Membership.  Did you hear the news? 
"This year the DAR Genealogy Department has verified 11,676 DAR applications--the third-highest yearly total in DAR history! This is over 1,000 more applications than last year. (An all-time high of 13,805 applications were verified in 1921.) We can always make it our goal to beat that record next year!"
My chapter supplied 16 of those new members this year.  In fact, we have had 62 new members in the last three years.  I would say we are doing pretty well.  However, I don’t want you to think it is all about the numbers for us.  Our chapter does great things in our community.  Just read some of my other posts and you will see all the things we have done for to support historic preservation, patriotism, and education.  We make a positive difference in the world around us.  If you really believe in the work that the DAR does, wouldn’t you want to involve more people?  Wouldn’t you want to gain new members so that they can share in the opportunities to serve?  Wouldn’t you want this organization to continue?  Without new members, any group will not survive.
            So, back to my DAR goal for the new year.  Here it is.  “I will try to be an important cog in the great wheel of our organization by inviting prospective members to meetings and helping with their research and paperwork if they want to join.” 
How will I know if I meet my goal?  The product will be one to two new members this year because of that effort.  I love the quote, “You can’t win a race you don’t run.”  So true.  You can’t get new members if you don’t tell women about the DAR.  You may think, “But I am just a small member in the big picture, how can my one or two new members make a difference?”  Well, think big, ladies!  If we all got one or two new members a year, the mathematical outcome in membership would be incredible.  …but more importantly, the increase in community service would make such a large, positive impact upon our world!  So, when you feel small, think big.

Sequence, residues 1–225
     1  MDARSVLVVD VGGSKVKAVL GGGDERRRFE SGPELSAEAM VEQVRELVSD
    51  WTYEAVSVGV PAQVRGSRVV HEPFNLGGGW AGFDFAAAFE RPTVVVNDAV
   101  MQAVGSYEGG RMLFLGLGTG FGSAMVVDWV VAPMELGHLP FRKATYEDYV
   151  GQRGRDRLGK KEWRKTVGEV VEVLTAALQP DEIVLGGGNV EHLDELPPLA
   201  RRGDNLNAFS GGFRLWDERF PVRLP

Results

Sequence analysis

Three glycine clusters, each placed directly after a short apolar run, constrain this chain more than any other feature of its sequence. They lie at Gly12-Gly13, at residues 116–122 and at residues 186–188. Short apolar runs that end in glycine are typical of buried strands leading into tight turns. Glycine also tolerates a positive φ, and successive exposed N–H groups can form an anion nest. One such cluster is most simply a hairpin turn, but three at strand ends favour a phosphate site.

Who are you going to invite to your next meeting?
Not to leave you without any resources, check out the DAR Store online to get to promotional materials for your prospective members.  Go to the members’ web site.  On the left side click on "DAR Shopping" then click on "DAR Store Online".  On the left, you will click on "Chapter Supplies".  I recommend the "General Information Brochure" or the "Getting to Know the DAR" pamphlet. 
Or for the technologically savvy, send them to YouTube to see the Today’s DAR video in five parts.  Here is the link to the first one:         

Thursday, December 1, 2011

Ten Blessings for Someone Else – ‘Tis the season!

My family and I are blessed.  We have a wonderful home and love.  We have friends and family who care.  God has provided a wonderful life for us.  Each year at Christmas time, we exchange gifts with one another to represent that gift that was given to us long ago in Bethlehem.  This Christmas, my husband and I looked for ways to give outside of our family.  These are some of the donations that we considered.

All of the following ways to better our world can be done by DAR members and non-DAR members alike.  Just remember, if you want to give financially, and you are in the DAR, you may want to consider giving through your state treasurer instead of directly to the causes to get chapter credit.  But let’s face it…it is the giving for the sake of others that is really the focus here.  Make your gift “In Honor Of” or “In Memory Of” someone special.